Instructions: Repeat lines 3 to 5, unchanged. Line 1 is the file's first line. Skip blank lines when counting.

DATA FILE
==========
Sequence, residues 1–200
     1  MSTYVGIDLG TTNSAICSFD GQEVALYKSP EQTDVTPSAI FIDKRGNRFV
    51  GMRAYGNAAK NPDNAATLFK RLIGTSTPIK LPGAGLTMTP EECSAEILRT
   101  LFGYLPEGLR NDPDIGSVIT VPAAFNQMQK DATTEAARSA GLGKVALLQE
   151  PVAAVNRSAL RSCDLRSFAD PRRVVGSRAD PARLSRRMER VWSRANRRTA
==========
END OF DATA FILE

    51  GMRAYGNAAK NPDNAATLFK RLIGTSTPIK LPGAGLTMTP EECSAEILRT
   101  LFGYLPEGLR NDPDIGSVIT VPAAFNQMQK DATTEAARSA GLGKVALLQE
   151  PVAAVNRSAL RSCDLRSFAD PRRVVGSRAD PARLSRRMER VWSRANRRTA